Common questions a pug breeder should answer

If you are looking for a Pug puppy, know that you are getting a very dependent breed of dog. Due to their unnatural squashed faces, Pugs tend to have a lot of respiratory problems. Due to their wrinkled skin and flattened faces, they have trouble cleaning themselves. Due to their large eyes, they often injure their eyes. All Pug puppies are cute, but keep in mind that you are designing a dog, not designed by nature.

If you are still looking for a Pug puppy after considering all the Pug information, go to an American Kennel Club licensed breeder or a Pug breed rescue group. At least you will have the healthiest and healthiest version of this less natural dog possible. Since Pugs are so popular, you will likely find Pug breeders throughout most of the continental United States. But not all Pug breeders are the same.

The most important questions to ask a Pug breeder may sound a bit rude at first, but a good Pug breeder won’t mind being asked. You should ask if they send their puppies. The answer should be no. You should ask if there is a contract to sign. The answer should be yes. You should also ask for references from other people who have bought puppies from them in the past.

Never buy a Pug puppy without being seen. You should not only see the puppy, but also the puppy’s mother and the kennel in which the puppy was raised. A good Pug breeder rarely has puppies for sale, they only have a couple of litters a year, so you should be on a waiting list. A good Pug breeder will be more than happy to have visitors in his kennel or home (in most cases, Pugs are raised indoors and live in the same houses as their owners).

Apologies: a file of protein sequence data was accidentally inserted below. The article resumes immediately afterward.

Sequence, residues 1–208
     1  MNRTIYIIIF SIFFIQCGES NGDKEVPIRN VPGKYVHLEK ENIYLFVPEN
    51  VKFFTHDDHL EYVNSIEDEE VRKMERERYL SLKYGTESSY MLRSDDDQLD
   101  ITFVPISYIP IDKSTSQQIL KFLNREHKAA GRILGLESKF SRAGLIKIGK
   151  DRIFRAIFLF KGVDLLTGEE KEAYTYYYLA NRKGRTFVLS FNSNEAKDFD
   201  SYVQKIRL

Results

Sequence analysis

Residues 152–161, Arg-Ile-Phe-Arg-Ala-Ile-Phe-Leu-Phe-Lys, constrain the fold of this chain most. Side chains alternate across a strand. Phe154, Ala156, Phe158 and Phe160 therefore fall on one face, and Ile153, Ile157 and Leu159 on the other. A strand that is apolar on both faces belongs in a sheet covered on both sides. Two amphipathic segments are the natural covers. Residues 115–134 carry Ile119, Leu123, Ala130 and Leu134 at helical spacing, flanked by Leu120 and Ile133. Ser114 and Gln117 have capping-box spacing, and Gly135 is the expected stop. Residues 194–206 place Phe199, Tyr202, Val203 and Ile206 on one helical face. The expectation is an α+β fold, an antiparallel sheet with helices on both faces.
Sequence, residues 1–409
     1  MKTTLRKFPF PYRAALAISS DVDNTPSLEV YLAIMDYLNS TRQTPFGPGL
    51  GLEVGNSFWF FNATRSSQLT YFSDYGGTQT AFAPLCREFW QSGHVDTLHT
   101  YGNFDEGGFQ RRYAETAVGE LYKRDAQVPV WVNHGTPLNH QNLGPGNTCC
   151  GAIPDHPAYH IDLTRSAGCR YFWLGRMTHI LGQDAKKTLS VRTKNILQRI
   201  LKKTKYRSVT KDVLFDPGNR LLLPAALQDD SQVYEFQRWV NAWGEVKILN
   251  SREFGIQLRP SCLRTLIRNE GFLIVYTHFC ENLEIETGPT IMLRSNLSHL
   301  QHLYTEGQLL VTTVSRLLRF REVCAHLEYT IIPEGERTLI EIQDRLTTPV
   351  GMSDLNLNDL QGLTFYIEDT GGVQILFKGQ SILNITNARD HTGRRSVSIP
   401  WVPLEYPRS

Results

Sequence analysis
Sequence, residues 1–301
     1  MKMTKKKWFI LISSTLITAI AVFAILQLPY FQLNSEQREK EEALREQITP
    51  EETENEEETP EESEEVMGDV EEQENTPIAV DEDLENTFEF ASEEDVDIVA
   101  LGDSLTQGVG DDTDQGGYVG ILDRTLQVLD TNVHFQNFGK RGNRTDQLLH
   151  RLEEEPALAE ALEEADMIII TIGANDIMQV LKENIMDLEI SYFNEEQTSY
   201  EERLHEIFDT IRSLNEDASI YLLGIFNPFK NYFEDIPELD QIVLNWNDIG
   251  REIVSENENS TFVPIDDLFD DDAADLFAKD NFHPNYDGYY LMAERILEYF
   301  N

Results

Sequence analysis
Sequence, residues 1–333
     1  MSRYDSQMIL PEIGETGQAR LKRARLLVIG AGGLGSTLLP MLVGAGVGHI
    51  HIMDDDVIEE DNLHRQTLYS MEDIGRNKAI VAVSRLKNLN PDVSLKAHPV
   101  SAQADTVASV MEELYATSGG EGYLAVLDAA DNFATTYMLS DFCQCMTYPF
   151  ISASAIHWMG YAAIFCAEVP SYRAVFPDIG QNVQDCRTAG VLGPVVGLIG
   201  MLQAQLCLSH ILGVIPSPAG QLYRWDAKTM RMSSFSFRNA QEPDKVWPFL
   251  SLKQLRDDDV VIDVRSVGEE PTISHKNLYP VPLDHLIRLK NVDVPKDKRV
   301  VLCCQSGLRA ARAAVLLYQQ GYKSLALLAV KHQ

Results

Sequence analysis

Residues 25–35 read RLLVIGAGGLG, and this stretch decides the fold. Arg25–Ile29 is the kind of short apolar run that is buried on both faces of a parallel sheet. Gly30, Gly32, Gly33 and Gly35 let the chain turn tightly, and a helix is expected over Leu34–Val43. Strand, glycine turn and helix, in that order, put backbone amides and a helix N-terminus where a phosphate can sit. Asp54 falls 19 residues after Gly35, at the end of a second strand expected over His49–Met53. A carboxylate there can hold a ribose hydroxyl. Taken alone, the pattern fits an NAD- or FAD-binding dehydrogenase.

You should also ask the Pug breeder why they are breeding Pugs as they are such an unnatural breed. Hopefully, you’ll get responses from breeders hoping to promote healthier Long-nosed Pugs rather than one that wins ribbons and trophies. Along with their Persian cat faces, Pugs also have amazing personalities. It is possible that they were simply charmed more by the Pug’s company than its appearance.

They should also ask you lots of questions about your Pug information store and any past Pug experiences you may have. There should be a waiting period and a contract, which states very clearly for which medical conditions the Pug puppy is justified. The final word as to who gets which Pug puppy is from the Pug breeder, not yours. You should also ask if you can call for future training advice at no additional cost. Knowing all of this now, reconsider a puppy and adopt an adult Pug from your local animal shelter.

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